Q: i owned a business & had a equipment lease for a credit card machine. i sold the business and leasing co. demands paymen
i asked co. if they wanted equip. back, they said yes. i returned it, they still want money, what are my options
It depends on the language of the equipment lease, the type of business, and the PSA pursuant to which you sold the business.
If the Lessee on the equipment lease is the business entity you sold, and you did not personally guaranty the lease, and the business entity you sold is a corporation or limited liability company, the leasing company ("Lessor") can only seek payment from the business entity; but if the business entity you sold is a partnership, the Lessor can also seek payment from each general partner of the partnership.
The PSA pursuant to which you sold the business could have conveyed the business entity by transferring ownership of the entity (loosely, a sale of equity) or it could have conveyed the business entity by transferring ownership of the assets of the entity (loosely, an asset purchase agreement).
An asset purchase agreement technically can, but usually doesn't, also convey some or all of the liabilities of the business to the Buyer. Something like a credit card machine, which might be useful for the continued operation of the business, could be an exception under certain circumstances, but since you said you returned the machine, probably not in your case. In that instance, the original entity that is named as Lessor can be sued by the Lessee, and the money it received from the Buyer for its assets is available to pay the Lessor anything due under the lease. If the Lessee is a limited liability company, the Business Code prohibits it from making any distribution to members (i.e. giving you as a member any money from the sale) until the company's trade debtors (like the leasing company) have been paid.
A sale of equity (called a stock purchase agreement if the entity is a corporation) usually leaves the business entity whose equity is being acquired liable as the Lessee on an equipment lease. But such an agreement may include indemnity obligations requiring the Seller to indemnify the Buyer for certain liabilities, very likely including any undisclosed liabilities.
It is not uncommon for PSAs, whether they are asset purchase agreements or stock purchase agreements, to have specific provisions addressing capital equipment leases. Most forms used as guides for the preparation of such an agreement include sample provisions which the parties can customize according to their needs and the substance of their agreement.
You should take the equipment lease and PSA pursuant to which you sold the business to an attorney practicing in the area of either business litigation or commercial litigation or commercial collections for a more detailed explanation, preferably to the attorney who prepared the PSA when you sold your business as he/she will be more familiar with the terms of that particular agreement and will be able to provide an answer quicker, and therefore, cheaper.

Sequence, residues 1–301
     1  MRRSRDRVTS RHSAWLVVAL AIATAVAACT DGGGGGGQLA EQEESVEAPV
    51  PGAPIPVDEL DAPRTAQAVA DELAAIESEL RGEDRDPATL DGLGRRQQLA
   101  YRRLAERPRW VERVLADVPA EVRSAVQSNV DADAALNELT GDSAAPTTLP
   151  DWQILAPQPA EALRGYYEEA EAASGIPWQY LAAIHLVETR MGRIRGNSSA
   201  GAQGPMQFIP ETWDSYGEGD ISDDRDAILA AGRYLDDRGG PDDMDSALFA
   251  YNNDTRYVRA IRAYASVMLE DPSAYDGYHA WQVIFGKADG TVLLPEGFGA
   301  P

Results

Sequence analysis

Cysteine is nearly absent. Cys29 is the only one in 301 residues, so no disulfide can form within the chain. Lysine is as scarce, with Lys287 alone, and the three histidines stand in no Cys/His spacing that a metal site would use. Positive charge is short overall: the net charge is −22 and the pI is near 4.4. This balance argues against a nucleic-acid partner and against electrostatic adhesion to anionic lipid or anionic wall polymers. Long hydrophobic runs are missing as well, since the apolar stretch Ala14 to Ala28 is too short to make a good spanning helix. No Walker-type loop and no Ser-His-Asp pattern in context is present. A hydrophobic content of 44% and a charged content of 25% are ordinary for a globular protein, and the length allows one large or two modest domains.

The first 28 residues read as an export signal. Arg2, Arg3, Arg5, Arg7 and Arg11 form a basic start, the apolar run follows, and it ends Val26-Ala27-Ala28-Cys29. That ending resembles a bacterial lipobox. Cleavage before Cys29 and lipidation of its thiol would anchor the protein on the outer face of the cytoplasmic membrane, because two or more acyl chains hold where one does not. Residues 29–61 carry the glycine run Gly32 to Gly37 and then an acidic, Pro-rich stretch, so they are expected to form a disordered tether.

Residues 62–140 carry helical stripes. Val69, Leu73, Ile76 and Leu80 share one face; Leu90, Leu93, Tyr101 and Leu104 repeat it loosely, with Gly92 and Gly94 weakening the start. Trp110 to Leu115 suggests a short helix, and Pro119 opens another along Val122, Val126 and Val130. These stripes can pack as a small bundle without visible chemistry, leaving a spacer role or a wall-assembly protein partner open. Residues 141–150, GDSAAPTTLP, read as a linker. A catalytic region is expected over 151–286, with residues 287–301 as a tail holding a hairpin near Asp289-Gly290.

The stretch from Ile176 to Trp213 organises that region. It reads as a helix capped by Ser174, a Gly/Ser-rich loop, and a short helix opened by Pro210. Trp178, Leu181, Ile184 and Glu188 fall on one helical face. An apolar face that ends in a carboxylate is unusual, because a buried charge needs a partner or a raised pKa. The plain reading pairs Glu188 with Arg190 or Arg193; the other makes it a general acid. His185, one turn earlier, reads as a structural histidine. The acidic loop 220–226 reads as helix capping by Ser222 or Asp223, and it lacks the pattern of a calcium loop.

Justia Ask a Lawyer is a forum for consumers to get answers to basic legal questions. Any information sent through Justia Ask a Lawyer is not secure and is done so on a non-confidential basis only.
The use of this website to ask questions or receive answers does not create an attorney–client relationship between you and Justia, or between you and any attorney who receives your information or responds to your questions, nor is it intended to create such a relationship. Additionally, no responses on this forum constitute legal advice, which must be tailored to the specific circumstances of each case. You should not act upon information provided in Justia Ask a Lawyer without seeking professional counsel from an attorney admitted or authorized to practice in your jurisdiction. Justia assumes no responsibility to any person who relies on information contained on or received through this site and disclaims all liability in respect to such information.
Justia cannot guarantee that the information on this website (including any legal information provided by an attorney through this service) is accurate, complete, or up-to-date. While we intend to make every attempt to keep the information on this site current, the owners of and contributors to this site make no claims, promises or guarantees about the accuracy, completeness or adequacy of the information contained in or linked to from this site.